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The murals of Tibet, with an assist from the Dalai Lama

The murals of Tibet, with an assist from the Dalai Lama
"Eleven-Headed Avalokiteshvara," 15th century, from Gyantse Kumbum, 65 inches by 45 inches, from Taschen's "Murals of Tibet." (Thomas Laird / Taschen)

American photographer Thomas Laird spent 50 hours over 10 years with the Dalai Lama, and through all those candid conversations, one point stood out: Before his holiness could read, Tibetan murals were crucial to his early education.

Now Laird has compiled images of 130 centuries-old, life-size artworks into “Murals of Tibet,” newly published by Taschen. The sumo-sized tome is the first collection of representative Tibetan art blessed by the Dalai Lama, who signed all 998 copies of the 500-page limited-edition book.

The murals are housed in temples, monasteries, stupas and other sites dating from 633. Because they were in small spaces with no electricity or windows, the murals had long been challenging to view. Traditional photographic techniques couldn’t capture the breadth of the paintings.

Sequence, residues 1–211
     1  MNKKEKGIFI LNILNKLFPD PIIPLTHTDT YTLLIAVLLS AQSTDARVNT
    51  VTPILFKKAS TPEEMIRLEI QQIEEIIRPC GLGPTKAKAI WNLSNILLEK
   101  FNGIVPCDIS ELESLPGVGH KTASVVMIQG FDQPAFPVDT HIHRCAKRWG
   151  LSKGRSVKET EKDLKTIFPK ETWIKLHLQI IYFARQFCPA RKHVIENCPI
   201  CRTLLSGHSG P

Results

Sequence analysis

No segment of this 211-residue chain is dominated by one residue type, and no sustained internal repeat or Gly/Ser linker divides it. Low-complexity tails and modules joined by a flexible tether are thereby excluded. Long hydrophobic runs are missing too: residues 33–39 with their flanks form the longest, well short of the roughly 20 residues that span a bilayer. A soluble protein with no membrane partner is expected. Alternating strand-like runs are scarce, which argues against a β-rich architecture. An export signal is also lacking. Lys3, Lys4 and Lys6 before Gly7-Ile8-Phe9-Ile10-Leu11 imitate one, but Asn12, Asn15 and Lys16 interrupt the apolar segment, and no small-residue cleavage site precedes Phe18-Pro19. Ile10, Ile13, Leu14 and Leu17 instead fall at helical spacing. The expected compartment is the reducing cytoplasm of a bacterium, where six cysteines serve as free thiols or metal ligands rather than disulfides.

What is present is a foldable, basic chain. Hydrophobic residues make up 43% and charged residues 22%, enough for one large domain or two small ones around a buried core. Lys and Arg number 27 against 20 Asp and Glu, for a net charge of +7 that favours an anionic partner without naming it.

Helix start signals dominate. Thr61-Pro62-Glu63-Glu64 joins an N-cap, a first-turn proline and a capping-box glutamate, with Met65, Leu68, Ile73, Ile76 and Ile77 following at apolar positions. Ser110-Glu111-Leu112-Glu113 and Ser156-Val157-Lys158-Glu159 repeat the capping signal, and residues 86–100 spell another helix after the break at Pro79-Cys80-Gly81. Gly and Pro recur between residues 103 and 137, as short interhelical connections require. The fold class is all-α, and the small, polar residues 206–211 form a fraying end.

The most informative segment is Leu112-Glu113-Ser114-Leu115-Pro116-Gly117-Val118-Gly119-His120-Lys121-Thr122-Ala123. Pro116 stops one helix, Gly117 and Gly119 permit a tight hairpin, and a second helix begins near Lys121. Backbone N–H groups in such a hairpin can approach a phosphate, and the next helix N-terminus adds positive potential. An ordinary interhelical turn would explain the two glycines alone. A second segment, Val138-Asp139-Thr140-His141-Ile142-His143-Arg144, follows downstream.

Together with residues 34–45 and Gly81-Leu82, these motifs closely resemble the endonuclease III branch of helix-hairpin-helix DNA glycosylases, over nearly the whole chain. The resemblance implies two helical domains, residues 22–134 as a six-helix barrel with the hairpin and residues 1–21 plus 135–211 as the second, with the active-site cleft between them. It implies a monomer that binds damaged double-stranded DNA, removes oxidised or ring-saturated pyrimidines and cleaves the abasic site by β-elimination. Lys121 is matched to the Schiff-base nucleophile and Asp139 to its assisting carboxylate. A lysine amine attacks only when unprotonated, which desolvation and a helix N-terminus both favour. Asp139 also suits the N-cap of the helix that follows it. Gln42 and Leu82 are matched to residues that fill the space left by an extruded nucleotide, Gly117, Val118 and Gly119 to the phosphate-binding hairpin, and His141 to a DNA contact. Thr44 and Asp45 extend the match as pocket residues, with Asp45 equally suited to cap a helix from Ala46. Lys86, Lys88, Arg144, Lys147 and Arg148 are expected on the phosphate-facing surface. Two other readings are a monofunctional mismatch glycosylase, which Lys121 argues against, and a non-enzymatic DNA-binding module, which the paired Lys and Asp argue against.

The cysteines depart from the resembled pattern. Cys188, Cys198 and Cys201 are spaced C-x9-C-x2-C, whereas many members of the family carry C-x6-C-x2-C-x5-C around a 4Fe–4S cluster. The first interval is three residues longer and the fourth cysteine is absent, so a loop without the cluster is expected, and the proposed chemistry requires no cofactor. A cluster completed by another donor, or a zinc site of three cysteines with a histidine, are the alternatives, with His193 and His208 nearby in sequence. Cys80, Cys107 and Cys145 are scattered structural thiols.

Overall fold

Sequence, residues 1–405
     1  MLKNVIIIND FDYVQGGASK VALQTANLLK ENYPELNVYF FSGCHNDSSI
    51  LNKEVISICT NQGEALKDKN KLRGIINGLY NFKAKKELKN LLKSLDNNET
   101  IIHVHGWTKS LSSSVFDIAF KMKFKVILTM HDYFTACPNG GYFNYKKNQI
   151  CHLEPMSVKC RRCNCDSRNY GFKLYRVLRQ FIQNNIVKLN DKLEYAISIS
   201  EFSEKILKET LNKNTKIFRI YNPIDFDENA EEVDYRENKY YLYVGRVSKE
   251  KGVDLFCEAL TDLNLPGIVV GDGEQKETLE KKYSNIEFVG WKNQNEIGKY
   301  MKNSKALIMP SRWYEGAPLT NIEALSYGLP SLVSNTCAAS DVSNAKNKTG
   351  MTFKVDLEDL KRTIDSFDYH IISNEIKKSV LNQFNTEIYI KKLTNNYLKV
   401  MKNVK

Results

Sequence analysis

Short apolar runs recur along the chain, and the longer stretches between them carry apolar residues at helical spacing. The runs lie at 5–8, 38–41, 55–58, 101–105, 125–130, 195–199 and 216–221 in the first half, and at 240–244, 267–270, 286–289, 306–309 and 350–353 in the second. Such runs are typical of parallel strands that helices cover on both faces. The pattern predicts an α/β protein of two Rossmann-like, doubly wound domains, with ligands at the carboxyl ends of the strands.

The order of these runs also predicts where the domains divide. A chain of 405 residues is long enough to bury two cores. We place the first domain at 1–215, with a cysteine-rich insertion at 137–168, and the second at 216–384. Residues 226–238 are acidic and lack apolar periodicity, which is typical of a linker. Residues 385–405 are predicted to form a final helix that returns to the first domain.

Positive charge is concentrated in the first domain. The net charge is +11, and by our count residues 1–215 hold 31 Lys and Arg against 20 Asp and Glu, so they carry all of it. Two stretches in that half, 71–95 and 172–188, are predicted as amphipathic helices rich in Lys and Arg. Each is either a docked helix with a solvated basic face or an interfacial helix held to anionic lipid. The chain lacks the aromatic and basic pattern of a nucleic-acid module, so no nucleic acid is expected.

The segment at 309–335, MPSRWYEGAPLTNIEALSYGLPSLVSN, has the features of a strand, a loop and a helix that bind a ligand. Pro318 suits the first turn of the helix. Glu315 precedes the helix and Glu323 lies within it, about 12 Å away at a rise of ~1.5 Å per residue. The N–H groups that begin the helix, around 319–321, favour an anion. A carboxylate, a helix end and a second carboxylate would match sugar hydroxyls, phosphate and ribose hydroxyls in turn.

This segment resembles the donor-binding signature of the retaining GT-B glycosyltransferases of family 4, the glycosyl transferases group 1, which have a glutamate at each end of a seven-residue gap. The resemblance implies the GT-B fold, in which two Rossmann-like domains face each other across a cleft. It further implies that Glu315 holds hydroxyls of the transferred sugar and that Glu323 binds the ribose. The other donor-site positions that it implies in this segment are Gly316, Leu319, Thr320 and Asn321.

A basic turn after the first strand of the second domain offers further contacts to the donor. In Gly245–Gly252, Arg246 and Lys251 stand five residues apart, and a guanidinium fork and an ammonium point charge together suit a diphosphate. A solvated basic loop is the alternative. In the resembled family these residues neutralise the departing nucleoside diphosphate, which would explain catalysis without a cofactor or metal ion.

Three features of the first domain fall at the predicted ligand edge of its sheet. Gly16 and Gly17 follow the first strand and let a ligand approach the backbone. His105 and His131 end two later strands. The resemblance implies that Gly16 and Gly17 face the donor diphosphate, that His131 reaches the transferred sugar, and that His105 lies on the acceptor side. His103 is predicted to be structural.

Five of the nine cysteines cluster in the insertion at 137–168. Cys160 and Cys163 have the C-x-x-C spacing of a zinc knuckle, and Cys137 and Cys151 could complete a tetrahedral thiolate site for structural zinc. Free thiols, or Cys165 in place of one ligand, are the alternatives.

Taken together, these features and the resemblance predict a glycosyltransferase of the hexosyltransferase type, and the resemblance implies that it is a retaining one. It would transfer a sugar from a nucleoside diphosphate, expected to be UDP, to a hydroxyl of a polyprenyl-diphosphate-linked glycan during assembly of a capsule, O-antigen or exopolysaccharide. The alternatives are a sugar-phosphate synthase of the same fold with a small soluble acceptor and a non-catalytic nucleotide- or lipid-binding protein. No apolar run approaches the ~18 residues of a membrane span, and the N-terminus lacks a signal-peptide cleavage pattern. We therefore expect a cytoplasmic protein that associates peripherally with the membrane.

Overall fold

Armed with new multi-image capture and render techniques, Laird spent 10 years photographing the murals in life-size resolution, some 10 feet by 10 feet. Every mural is laden with copious, intricate details relating purposeful stories.

“They are not just art but motivational tools and philosophical statements,” Laird said.

Take, for example, “The Eleven Headed Avalokiteshvara,” the Bodhisattva of Infinite Compassion, with more than 40 hands and multiple levels of faces.

Taschen's "Murals of Tibet"
Detail of "Eleven-Headed Avalokiteshvara." Thomas Laird / Taschen

“They’re a metaphor,” Laird said. “He is omniscient, able to see in all directions simultaneously.”

In each hand is a unique object indicating the Bodhisattva’s power to reach out to different classes of beings.

“The multitude of appendages symbolize his immense ability to see pain and suffering in the world,” Laird said.

Dressed in robes of a prince and adorned in gold jewelry, the Bodhisattva expresses transmutation and power. A blue, red and gold aura emanates around the 11 heads. Behind is a red field, an infinite void, symbolized by flames. Beyond is an archway of lotuses, peonies and clouds. A goose on either side symbolizes long life and spiritual attainment.

While objects of majestic beauty, the murals also serve as points of guidance and appreciation for those seeking spiritual mindfulness.

See all of our latest arts news and reviews at latimes.com/arts.

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UPDATES:

9:25 a.m. This article was updated to tighten and refine some language.

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